Schenectady County

July Fourth a party for vets

Christmas comes twice a year for the veterans living at the Stratton VA Medical Center.
PHOTOGRAPHER:

Christmas comes twice a year for the veterans living at the Stratton VA Medical Center.

There’s Dec. 25, of course — and then there’s the Fourth of July, said World War II veteran Roland J. Babbitt.

“I look forward to it. It’s like Christmas, because my family is here,” he said.

Not only do families visit, but the whole hospital is decorated and volunteers host a party. There’s just one other day that gets that much attention — but Memorial Day has a far more solemn tone as veterans grieve for long-lost comrades. The Fourth of July is wholly celebratory.

Friday’s events at the hospital started with an indoor picnic, but many veterans headed outside with friends and family, delighting in the fact that this holiday can almost always be spent on the Center’s park-like grounds.

“I’m just soaking up the sun,” said World War II veteran Chris Calvano.

For him, the Fourth of July is doubly special — it’s also his birthday. A nurse promised to give him 90 kisses over the course of the day, one for every year of his life.

But even the beautiful weather and his birthday kisses couldn’t convince the retired Marine that the rest of the country was truly celebrating the birth of the country.

“I think we live in the greatest country in the world. The trouble is we don’t appreciate the goodness we have,” he said.

He urged listeners to truly live by the phrase “we the people” from the preamble of the Constitution. Right now, he said, people are living for themselves alone — spending money selfishly and ignoring the rest of the country.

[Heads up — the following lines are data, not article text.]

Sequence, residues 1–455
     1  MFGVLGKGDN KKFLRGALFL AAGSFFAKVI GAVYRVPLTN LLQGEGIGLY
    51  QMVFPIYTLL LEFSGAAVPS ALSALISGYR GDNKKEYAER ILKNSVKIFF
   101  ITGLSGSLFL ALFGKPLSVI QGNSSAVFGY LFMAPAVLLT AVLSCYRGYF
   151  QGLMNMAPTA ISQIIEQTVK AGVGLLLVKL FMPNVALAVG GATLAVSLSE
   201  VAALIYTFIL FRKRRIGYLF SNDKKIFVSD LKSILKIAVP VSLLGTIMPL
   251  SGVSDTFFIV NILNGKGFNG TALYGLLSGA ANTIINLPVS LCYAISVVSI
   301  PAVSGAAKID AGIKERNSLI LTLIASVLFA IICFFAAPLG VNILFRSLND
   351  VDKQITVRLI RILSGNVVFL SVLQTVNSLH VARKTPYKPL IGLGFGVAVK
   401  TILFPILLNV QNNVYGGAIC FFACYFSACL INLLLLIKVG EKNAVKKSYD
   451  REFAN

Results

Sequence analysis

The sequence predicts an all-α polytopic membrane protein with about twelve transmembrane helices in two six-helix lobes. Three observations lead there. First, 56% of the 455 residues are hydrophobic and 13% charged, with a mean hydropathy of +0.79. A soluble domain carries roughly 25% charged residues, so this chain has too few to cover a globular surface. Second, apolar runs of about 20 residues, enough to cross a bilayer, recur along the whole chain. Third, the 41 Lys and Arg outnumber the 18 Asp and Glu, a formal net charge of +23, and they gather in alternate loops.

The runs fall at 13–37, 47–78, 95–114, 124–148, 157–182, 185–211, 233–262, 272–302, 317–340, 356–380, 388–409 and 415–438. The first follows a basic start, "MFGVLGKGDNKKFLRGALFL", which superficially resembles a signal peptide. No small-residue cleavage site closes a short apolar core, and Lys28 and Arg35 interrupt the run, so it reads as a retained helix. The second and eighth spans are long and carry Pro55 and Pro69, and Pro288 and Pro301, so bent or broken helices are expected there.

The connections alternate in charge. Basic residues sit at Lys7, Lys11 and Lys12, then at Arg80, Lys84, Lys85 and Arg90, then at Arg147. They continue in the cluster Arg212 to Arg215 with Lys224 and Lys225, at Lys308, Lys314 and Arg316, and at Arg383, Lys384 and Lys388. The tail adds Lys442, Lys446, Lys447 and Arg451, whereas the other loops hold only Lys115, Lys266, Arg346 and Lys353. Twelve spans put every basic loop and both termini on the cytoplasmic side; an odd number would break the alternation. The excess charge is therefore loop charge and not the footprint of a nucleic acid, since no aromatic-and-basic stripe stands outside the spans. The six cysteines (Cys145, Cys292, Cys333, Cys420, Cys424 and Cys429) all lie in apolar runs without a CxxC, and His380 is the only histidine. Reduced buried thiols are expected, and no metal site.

Other veterans said they’re worried about the future of democracy as the war in Iraq continues, especially because one of the presidential candidates never served in the military.

“We’re thinking that if [Barack] Obama gets in, we’re in trouble. He wasn’t in the service,” said Korean War veteran Frank Incantalupo.

He spent much of the day thinking about the country’s founders, predicting that they’d be horrified if they saw what had happened to their “more perfect Union.”

“Do you think for one minute the guys who wrote the Constitution would’ve went for pornography, would’ve went for abortion? You know they wouldn’t,” he said. “And 99 percent of the politicians are crooked. If the masses knew the truth, there’d be another revolution tomorrow.”

But others focused on happier thoughts.

Babbitt, 92, handed out lollipops while his granddaughter Nicole Anzalone did handstands and cartwheels on the grass. His daughter and son-in-law had wheeled him outside so he could enjoy the nice weather.

He lectured Nicole on why the Fourth of July is special, but smiled when she said his company is more important to her than the holiday’s history.

“We always come to celebrate with him because it’s a special day to spend with our family,” she said.

Babbitt, who survived the Normandy Beach invasion despite being in the second wave, nodded.

“That’s right. Being with family,” he said. “That’s why I like the Fourth of July.”

Categories: Schenectady County

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